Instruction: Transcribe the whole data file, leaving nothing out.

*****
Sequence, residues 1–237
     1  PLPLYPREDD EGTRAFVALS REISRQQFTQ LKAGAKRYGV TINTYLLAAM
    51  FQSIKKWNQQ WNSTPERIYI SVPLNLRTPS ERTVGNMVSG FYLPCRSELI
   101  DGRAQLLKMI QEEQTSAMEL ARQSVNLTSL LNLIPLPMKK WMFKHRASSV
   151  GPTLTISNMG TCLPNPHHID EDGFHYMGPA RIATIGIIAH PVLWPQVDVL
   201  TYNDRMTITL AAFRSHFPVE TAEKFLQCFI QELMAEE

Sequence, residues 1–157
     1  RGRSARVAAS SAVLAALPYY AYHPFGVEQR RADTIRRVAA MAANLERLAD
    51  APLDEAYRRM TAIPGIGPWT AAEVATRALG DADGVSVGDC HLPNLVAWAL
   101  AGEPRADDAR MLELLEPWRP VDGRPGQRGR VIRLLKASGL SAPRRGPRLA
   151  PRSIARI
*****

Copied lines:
Sequence, residues 1–237
     1  PLPLYPREDD EGTRAFVALS REISRQQFTQ LKAGAKRYGV TINTYLLAAM
    51  FQSIKKWNQQ WNSTPERIYI SVPLNLRTPS ERTVGNMVSG FYLPCRSELI
   101  DGRAQLLKMI QEEQTSAMEL ARQSVNLTSL LNLIPLPMKK WMFKHRASSV
   151  GPTLTISNMG TCLPNPHHID EDGFHYMGPA RIATIGIIAH PVLWPQVDVL
   201  TYNDRMTITL AAFRSHFPVE TAEKFLQCFI QELMAEE

Sequence, residues 1–157
     1  RGRSARVAAS SAVLAALPYY AYHPFGVEQR RADTIRRVAA MAANLERLAD
    51  APLDEAYRRM TAIPGIGPWT AAEVATRALG DADGVSVGDC HLPNLVAWAL
   101  AGEPRADDAR MLELLEPWRP VDGRPGQRGR VIRLLKASGL SAPRRGPRLA
   151  PRSIARI